Yesterday the Vancouver Sun published Tolled bridge to cost taxpayers even more, which presented a somewhat misleading impression about the financing of the Golden Ears Bridge. The Sun implied that taxpayers will be subjected to new taxes in the amount of $63.8 million because toll revenue to date falls short of payments for construction and operation of the bridge. That prompted a quick response from TransLink spokesperson Ken Hardie who said to the CBC, “By the end of 2011, we expect a $63 million gap, a deficit we will be able to cover through savings, through other capital programs and reserves. The key thing right now is that there is no exposure to the taxpayer. We’re not going to come looking for more money to cover the gap on the Golden Ears Bridge.”
See TransLink’s 2011 BUSINESS PLAN, OPERATING AND CAPITAL BUDGET SUMMARY (93pp., 662 KB pdf) for financial details.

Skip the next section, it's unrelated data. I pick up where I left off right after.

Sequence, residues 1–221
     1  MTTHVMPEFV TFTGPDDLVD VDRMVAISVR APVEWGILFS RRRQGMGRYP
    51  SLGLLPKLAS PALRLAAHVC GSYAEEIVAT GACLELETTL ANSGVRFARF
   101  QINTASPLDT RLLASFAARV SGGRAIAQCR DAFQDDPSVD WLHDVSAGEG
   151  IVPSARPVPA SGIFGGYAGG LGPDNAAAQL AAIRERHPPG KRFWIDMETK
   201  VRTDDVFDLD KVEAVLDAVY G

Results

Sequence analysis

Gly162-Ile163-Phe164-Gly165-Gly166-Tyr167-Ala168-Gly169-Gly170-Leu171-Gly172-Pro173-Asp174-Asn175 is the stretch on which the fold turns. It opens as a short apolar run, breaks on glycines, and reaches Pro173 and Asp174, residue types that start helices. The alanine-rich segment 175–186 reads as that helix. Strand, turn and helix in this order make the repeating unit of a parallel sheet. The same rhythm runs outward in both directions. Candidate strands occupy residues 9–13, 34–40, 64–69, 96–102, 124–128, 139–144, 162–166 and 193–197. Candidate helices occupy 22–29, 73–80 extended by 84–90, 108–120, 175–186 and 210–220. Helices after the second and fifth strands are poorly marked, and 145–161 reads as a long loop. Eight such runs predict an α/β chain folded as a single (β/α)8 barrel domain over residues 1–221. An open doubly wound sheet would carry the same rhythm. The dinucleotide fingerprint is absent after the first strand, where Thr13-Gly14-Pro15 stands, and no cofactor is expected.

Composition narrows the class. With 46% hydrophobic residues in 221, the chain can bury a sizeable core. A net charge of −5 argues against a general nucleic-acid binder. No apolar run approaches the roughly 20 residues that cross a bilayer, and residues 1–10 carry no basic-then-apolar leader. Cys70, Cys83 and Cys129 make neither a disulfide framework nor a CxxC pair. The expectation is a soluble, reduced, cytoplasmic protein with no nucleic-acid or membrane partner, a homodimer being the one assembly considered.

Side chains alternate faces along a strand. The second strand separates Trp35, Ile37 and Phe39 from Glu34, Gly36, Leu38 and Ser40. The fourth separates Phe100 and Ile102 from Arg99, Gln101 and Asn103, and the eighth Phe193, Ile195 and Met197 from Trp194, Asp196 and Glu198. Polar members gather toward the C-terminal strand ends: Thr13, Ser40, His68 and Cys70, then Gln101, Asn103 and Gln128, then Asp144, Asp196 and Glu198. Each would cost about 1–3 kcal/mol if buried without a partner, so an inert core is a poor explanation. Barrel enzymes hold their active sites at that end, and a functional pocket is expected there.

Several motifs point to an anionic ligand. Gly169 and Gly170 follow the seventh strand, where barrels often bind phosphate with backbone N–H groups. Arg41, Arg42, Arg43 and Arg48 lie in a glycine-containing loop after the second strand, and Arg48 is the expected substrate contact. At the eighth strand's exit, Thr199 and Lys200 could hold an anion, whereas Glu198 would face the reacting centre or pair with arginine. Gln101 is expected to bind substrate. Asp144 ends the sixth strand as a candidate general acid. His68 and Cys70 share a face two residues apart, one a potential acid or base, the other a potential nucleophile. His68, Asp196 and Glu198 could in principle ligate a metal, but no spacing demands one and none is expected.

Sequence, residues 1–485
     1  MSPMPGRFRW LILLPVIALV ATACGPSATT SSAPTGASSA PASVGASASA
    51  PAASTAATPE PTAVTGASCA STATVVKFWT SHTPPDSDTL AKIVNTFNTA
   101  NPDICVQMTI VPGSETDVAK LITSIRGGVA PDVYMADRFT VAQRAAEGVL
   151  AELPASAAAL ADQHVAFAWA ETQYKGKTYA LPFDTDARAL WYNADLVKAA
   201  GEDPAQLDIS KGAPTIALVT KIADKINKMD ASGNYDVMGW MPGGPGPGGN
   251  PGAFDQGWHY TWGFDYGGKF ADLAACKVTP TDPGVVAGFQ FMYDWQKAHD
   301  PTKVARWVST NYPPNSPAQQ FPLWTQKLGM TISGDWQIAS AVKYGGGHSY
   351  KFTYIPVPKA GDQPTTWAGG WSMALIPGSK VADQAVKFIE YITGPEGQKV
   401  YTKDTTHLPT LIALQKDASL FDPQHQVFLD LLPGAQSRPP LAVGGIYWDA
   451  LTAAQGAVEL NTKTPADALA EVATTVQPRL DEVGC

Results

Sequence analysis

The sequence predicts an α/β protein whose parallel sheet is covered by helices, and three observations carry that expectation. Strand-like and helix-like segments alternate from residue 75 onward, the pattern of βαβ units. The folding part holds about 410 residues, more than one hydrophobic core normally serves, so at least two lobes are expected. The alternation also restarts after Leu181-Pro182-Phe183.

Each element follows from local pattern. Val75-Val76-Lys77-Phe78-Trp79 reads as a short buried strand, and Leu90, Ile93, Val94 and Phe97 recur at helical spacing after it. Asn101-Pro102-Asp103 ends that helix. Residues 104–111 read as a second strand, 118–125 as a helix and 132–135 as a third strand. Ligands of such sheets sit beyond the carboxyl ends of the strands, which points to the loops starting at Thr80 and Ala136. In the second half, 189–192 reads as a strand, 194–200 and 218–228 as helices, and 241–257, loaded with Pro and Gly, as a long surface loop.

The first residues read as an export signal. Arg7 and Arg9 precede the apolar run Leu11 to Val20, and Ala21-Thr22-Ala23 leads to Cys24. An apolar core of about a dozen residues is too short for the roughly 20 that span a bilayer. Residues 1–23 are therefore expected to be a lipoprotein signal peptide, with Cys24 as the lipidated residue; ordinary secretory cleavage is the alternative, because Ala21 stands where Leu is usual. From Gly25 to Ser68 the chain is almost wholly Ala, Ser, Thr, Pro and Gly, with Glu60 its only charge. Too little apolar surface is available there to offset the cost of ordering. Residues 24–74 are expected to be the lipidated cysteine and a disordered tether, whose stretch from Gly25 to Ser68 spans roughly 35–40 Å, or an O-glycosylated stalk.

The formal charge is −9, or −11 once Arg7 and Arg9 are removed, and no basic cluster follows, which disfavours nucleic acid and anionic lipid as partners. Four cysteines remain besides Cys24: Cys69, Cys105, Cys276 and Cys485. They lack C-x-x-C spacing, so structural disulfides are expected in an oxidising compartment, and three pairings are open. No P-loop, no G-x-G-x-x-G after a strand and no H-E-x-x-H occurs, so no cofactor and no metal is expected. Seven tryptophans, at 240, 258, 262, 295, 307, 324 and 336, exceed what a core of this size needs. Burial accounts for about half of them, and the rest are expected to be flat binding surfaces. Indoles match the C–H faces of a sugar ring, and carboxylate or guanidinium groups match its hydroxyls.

Traffic on the bridge has fallen short of pre-construction estimates because of motorists’ distaste for tolls. The opening of the bridge in July 2009 displaced the free Albion ferry service which formerly crossed the Fraser River between Maple Ridge and Surrey. Daily bridge traffic had risen to about 25,000 vehicles daily in July 2010, but has reportedly “plateaued.” Tolls range between $2.80-$3.95 for cars and $8.40-$9.55 for semi-trailers depending upon the billing method, and are indexed to inflation. There are no toll booths as tolls are assessed by vehicle transponders or licence plate readers.
Alternative routes are free but congested, especially during rush hours. That situation will change somewhat when the twinned, and tolled, Port Mann Bridge crossing opens in 2013.
A final decision on whether to replace or upgrade the Patullo Bridge hasn’t been made, but there is a strong possibility that it too will become a tolled crossing.
The Sun story mentioned above contains some interesting comments from SFU (Simon Fraser University) professor of Urban Studies Anthony Perl, who predicts that both the Port Mann and Golden Ears bridges will become “white elephants we’ll be stuck paying for.” Perl argues sustainable alternatives will replace the single-passenger cars that dominate present day commuting.
The Albion Ferry Kuleet with Golden Ears Mountain behind (Max Burley photo)